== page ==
Saturday, October 29, 2005

What does your body language say?

An article by Oliver Sacks in the Oct. 31st issue of The New Yorker describes how patients suffering from aphasia (a loss of language) learn to read and communicate through nonverbal language -- giving them an enhanced ability to see through artifice.

I'm thinking about how that relates to the body language of those who are shy. What kind of body language says, "I'm shy. Stay away" and what kind says, "I'm open. Come closer,"?

And if you know of any resources (web sites, articles or books) on the topic, pass those links along.

Wednesday, October 26, 2005

Don't you hate long email messages?

“Do they really expect me to read all this?” is what usually goes through my mind. It’s not that I don’t want to; I just don’t have the time. I spent an entire day recently going through my inbox -- saving, filing and trashing messages (not reading most of them) just to make sure I haven't missed any important ones.

To me, long email messages are unusable, in the same way a visually cluttered web site (often with too much text) is unusable.

I spend my time teaching clients how to be more usable because it's better marketing. They need to know how to write short, concise email messages that ask for (and get) a response. And we all need to know when it's time to pick up the phone.

Anyone who writes a long message – whether to someone they know or don’t know – without permission, a warning or a request, is asking for it to languish in an inbox and not be responded to.

What are some other qualities or actions that make people unusable?

(BTW: this is one of the ideas I'm developing for a short talk on "Personal Usability" -- Nov. 3rd 12:30-4 PM in NYC -- that will be part of World Usability Day, sponsored by the NYC Usability Professionals' Association, Human Factors International and others. More info and free registration here:

Monday, October 17, 2005

Are you shy because you think you know?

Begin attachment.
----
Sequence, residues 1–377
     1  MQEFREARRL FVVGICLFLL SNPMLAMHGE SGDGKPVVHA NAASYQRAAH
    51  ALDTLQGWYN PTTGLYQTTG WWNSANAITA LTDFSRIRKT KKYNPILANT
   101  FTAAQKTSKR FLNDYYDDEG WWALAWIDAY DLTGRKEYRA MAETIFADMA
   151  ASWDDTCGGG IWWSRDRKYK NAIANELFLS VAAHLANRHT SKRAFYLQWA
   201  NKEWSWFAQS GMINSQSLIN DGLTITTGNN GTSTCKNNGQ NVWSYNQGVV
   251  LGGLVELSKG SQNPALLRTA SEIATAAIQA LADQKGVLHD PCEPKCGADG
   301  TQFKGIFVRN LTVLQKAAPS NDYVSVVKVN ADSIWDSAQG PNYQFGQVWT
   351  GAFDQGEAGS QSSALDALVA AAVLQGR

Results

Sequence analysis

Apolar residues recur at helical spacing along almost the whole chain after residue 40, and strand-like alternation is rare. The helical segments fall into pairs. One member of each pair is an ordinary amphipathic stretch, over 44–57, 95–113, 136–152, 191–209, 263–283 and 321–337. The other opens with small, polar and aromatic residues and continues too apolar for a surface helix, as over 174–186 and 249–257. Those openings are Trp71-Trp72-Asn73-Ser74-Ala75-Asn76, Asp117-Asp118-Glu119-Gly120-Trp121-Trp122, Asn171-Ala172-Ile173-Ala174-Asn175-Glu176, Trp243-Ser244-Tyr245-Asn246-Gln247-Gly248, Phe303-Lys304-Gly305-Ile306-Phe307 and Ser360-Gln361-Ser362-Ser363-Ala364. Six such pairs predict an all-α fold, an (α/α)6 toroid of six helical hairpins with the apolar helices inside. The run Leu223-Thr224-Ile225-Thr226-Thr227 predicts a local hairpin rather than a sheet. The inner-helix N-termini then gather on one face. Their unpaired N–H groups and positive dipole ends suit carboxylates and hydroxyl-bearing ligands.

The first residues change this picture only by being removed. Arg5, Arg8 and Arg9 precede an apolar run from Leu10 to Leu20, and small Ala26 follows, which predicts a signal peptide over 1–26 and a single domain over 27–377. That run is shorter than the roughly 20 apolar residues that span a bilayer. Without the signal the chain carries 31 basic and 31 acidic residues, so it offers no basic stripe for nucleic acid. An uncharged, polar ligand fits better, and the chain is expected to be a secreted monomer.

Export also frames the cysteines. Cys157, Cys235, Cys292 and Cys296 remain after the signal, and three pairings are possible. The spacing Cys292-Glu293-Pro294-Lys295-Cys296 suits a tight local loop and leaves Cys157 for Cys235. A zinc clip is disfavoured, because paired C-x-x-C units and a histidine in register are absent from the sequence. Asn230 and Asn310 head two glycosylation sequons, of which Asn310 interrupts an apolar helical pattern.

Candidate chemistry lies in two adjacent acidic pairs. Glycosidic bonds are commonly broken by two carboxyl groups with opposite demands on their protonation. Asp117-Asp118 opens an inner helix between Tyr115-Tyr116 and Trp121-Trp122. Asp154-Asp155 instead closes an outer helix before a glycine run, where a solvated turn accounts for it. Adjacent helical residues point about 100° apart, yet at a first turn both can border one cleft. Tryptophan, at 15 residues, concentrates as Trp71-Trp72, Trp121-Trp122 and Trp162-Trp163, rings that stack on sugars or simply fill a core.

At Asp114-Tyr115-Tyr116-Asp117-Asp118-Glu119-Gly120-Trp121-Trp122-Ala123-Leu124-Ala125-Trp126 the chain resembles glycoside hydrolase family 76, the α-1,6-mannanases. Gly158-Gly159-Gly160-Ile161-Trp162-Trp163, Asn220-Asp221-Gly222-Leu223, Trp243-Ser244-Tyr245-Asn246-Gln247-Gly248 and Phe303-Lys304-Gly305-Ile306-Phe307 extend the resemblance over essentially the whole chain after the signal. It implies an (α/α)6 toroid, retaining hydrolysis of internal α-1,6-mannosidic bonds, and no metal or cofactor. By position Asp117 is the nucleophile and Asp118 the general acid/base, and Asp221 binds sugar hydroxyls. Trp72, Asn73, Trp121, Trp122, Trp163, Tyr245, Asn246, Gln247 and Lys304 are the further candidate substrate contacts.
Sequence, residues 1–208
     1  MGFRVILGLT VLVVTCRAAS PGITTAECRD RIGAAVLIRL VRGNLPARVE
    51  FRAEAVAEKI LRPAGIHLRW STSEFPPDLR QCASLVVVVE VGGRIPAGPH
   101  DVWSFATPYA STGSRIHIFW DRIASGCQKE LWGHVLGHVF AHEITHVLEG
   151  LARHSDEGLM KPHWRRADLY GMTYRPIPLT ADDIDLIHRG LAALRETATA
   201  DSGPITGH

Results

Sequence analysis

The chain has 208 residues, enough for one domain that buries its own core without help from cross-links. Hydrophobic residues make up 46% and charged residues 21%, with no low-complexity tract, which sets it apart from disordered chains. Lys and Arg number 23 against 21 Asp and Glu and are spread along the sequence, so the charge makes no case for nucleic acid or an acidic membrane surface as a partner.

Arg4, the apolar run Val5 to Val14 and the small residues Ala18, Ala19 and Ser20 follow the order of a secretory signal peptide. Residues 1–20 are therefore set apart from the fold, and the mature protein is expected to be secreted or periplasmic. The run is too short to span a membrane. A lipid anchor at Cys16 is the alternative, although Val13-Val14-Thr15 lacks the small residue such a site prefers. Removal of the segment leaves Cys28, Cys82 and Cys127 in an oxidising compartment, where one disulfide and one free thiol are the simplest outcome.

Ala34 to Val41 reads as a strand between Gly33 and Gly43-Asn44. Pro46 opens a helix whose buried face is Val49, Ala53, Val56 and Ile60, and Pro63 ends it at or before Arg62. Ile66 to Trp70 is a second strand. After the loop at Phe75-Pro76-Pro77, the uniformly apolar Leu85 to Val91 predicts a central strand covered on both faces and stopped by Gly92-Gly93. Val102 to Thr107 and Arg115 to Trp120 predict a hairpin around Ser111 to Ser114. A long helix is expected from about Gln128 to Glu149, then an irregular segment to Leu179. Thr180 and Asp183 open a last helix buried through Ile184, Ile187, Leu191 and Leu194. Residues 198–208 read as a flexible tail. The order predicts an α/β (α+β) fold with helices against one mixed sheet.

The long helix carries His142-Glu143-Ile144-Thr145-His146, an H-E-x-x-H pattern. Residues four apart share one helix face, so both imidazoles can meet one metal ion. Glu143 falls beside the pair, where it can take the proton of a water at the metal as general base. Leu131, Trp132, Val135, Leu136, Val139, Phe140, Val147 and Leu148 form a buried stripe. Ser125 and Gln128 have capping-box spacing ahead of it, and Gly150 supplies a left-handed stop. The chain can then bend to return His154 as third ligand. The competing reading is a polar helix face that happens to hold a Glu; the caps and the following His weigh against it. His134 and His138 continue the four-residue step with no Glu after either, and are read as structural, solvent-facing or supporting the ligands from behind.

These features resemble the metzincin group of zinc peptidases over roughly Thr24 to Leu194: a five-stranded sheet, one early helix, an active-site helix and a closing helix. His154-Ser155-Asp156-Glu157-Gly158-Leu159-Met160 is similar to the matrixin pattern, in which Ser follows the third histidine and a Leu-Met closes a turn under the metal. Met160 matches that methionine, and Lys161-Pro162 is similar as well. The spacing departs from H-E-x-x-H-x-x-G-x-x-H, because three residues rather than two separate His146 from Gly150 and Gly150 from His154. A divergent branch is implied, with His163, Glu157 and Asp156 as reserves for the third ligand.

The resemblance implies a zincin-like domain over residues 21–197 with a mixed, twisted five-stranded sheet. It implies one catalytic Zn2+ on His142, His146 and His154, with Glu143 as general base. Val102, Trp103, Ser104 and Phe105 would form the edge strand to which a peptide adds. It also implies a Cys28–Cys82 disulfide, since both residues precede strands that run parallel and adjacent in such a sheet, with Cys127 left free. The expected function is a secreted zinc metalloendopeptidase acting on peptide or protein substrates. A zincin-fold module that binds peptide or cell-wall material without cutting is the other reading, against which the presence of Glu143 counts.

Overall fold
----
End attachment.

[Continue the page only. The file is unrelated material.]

One of the things that people who consider themselves shy seem to have in common is that they think they know certain things, such as what others are thinking (about them) and what's going to happen.

For example, "If I speak up, they're going to think I'm stupid."

Or, "If I ask for more money, they'll think I'm greedy and I'll never get the job."

Or, "If I make a mistake, they'll get mad and it'll be over."

Is this true?

Wednesday, October 12, 2005

Do you need self confidence to start a conversation?

Recently, a reader of my email newsletter, Quick Tips from Marketing Mentor, wrote that her biggest self promotion challenge is how to begin and have conversations with people about what she can do for them.

“Whether they be in my network, cold calls, organizations, "warm" prospects – whoever, I often feel that I need some sort of script. Not having one holds me back from any interaction at all. I also feel like other people know how to have these conversations, and I don't - despite the fact that my services are beneficial.”

Is it a lack of self confidence that prevents us from talking to people (and makes us think others have it all together)? What exactly is self confidence and where does it come from? And more important, how do we develop it if we don't already have it?

Thursday, October 06, 2005

Can you control your thoughts?

I'm here at the AWAI Copywriting Bootcamp and this morning the motivational speaker, Brian Tracy, told this room of more than 300 people that "thoughts are causes" and "conditions are effects."

So if you think about yourself as shy, the condition you find yourself in will be the effect of that thought.

He also said (and I believe this) that our thoughts are the only things we have control over. (In fact, I'm dying to read Joan Didion's new book, A Year of Magical Thinking, in which she talks about coming to the realization that she had control over very, very little in her life, despite believing for so long that she had it all under control. I know I believe that too.)

So here's my question: what steps can we take today to begin learning how to control our thoughts?

Sunday, October 02, 2005

Are you an introvert? And can you change that?

Succeeding in business requires an assertive personality, self-confidence and solid communication skills. But according to the Shyness Institute in Palo Alto CA, half of all American adults consider themselves shy. In Stop Pushing Me Around (Career Press, June 2006), I will show readers dozens of surefire skills, tips and techniques to help even the most tongue-tied communicator become more comfortable and talkative.

Here's my first question: do you think it's possible for people who consider themselves shy to change that and what would enable them (you?) to do that?

Saturday, October 01, 2005

Welcome to the Stop Pushing Me Around blog!

This is just an experiment at the moment. But the intention is to create a blog for the forthcoming book, Stop Pushing Me Around: A Workplace Guide for the Timid, Shy and Less Assertive by me (Ilise Benun).

But I don't plan to write this book alone. I need help from all of you so that's where this blog comes in.

I'll be posting some ideas and questions and looking for your answers and thoughts. And it's good for a little publicity too!

So here goes...